It is a BLOOD-OF-JESUS Issue
As a pastor committed to racial-reconciliation, justice, compassion, the cross of Christ and the gospel, it is CRAZY that the title of this post is even necessary. Unfortunately, such is the state of thinking about the gospel in the American church. There is a “hole in our gospel” as one writer has put it. We are too narrowly focused on salvation issues and not focused enough on the gospel implications of what it means to be saved “for good works” (Eph. 2:10).
For nearly 20 years, I was the pastor of an intentionally-planted, multi-ethnic church that at the end of that 20 year run celebrated a congregation composed of saints from 23 countries of birth. It was glorious. It wasn’t perfect but it was at least a grainy (and colorful) picture of what heaven will be when all the saints down through the ages gather around the throne of the Spotless Lamb of God. You can read about that church if you are interested, in book edited by John Fuder and Noel Castellanos titled A Heart for the Community (Moody Press, 2009). My chapter is labeled “Becoming a Multi-Ethnic Suburban Church.”
So it is with a mixture of delight and sadness that I post this brief offering from Kairos Journal cited from Dr. John Piper’s brilliant book, Brothers, We Are Not Professionals (Nashville, 2002). It is timeless and helpful for the church as we mourn and seek to make a difference in our world so that the events in Ferguson, MO becomes a thing of the past.
A Blood-of-Jesus Issue—John Piper (1946 – )
John Piper is pastor of Bethlehem Baptist Church in downtown Minneapolis, Minnesota. By any measure, he is also one of the most widely regarded Christian leaders in America. Ministering in downtown Minneapolis, Piper has been forced to think deeply and profoundly about racial prejudice. His words to fellow pastors are a stirring—even jarring—call to both repentance and action.
The issue of racial prejudice and snubbing and suspicion and mistreatment is not a social issue; it is a blood-of-Jesus issue. When you get the conviction and the courage to say something about it to your people, tell them you are not becoming a social-gospeler but a lover of the blood-bought blessings of the cross of Christ. . . .
[Revelation 5:9-10] is a glimpse into the purposes of God in the death of His Son, the Lamb of God, Jesus Christ:
“And they sang a new song, saying, “Worthy are You [referring to the slain and risen Lamb of God] to take the book [that is, the book of history in the last days] and to break its seals; for You were slain, and purchased for God with Your blood men from every tribe and tongue and people and nation. You have made them to be a kingdom and priests to our God; and they will reign upon the earth” (NASB).
The implications here for racial and ethnic harmony in the church are staggering when you let it sink in. The price of God’s securing ethnic diversity in the “priesthood,” and the “kingdom” is the death of His Son. The design of the atonement is racial diversity in the company of the redeemed. Applying and pursuing this is not merely a “social issue.” It is a blood-of-Jesus issue. That is what it cost. And that is how important it is.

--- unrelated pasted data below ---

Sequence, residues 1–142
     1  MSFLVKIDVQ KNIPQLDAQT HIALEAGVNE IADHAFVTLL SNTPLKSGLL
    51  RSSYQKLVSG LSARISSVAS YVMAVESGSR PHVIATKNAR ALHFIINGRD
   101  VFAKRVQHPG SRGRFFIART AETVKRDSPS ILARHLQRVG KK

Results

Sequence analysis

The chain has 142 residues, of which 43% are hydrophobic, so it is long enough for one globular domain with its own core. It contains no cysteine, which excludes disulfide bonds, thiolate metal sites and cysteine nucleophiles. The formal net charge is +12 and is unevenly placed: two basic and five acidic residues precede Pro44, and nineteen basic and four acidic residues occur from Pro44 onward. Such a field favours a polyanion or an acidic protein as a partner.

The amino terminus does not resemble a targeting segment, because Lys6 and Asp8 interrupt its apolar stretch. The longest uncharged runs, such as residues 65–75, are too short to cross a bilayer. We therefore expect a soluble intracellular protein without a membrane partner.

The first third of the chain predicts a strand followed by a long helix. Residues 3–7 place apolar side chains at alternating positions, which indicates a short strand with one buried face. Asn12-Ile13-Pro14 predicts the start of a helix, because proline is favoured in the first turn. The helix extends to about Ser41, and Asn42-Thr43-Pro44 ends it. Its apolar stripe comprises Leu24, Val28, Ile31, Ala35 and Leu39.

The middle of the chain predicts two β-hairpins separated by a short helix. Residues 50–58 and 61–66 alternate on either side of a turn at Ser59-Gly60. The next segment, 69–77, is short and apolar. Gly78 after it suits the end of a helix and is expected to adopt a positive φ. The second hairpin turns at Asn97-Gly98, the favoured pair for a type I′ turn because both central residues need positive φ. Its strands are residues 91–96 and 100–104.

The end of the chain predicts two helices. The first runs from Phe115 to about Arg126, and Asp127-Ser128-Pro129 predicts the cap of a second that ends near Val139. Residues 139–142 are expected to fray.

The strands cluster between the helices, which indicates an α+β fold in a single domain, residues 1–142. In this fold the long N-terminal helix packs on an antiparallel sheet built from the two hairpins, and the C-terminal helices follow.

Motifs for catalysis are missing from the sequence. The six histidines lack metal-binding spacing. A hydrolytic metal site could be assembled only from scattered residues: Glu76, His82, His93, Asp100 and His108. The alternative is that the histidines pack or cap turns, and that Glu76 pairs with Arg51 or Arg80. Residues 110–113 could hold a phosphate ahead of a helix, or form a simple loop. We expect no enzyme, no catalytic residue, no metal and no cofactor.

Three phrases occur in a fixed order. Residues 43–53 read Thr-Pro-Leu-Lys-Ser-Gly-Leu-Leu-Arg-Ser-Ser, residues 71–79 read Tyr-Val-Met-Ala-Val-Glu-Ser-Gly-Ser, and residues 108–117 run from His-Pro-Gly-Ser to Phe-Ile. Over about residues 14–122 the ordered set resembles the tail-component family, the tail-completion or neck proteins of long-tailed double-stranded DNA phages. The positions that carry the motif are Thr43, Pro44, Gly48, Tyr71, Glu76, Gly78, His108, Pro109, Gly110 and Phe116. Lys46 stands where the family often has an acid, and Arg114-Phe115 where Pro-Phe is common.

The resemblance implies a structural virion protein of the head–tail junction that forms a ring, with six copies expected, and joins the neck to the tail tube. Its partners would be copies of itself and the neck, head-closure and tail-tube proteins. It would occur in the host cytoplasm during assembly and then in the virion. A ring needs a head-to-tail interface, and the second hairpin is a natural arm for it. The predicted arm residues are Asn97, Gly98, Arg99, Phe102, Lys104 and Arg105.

Not only that, we can up the ante even more. Notice that in Revelation 5:9 this diversity was purchased “for God.” “You . . . purchased for God . . . men from every tribe”(NASB). The issue is not only a blood-of-Jesus issue, it is a glory-of-God issue. Blood-bought racial diversity and harmony is for the glory of God through Christ. It is all aiming at the all-satisfying, everlasting, God-centered, Christ-exalting experience of many-colored worship.
If the pursuit of ethnic diversity and harmony in the company of the redeemed cost the Father and the Son such a price, should we expect that it will cost us nothing? Or that it will be easy? No, the devil, who hates the glory of God and despises the aims of the cross, will not relent without a fierce battle.
To join God in pursuing racial diversity and racial harmony will be costly for you and your church—so costly that many will try it for a while and then give up and walk away from the effort to easier things.
But some will persevere and be found doing their duty when the Master comes. Be among that number, brothers. There is an old African-American prayer chant that calls us to “a mighty long journey.”
It’s a mighty long journey,
But I’m on my way;
It’s a mighty long journey,
But I’m on my way.
That’s where we are in the American church—on a journey toward the perfect experience of Revelation 5:9-10. And we want as much of it now as we can, don’t we? So the world will see the glory of God and the worth of Christ. So, brothers, read and study and pray and preach and take the risks necessary to sever the root of racism.1
1 John Piper, “Brothers, Sever the Root of Racism,” in Brothers, We Are Not Professionals (Nashville, TN: Broadman & Holman, 2002), 197-209. Brackets and ellipses in Scripture quotations are Piper’s.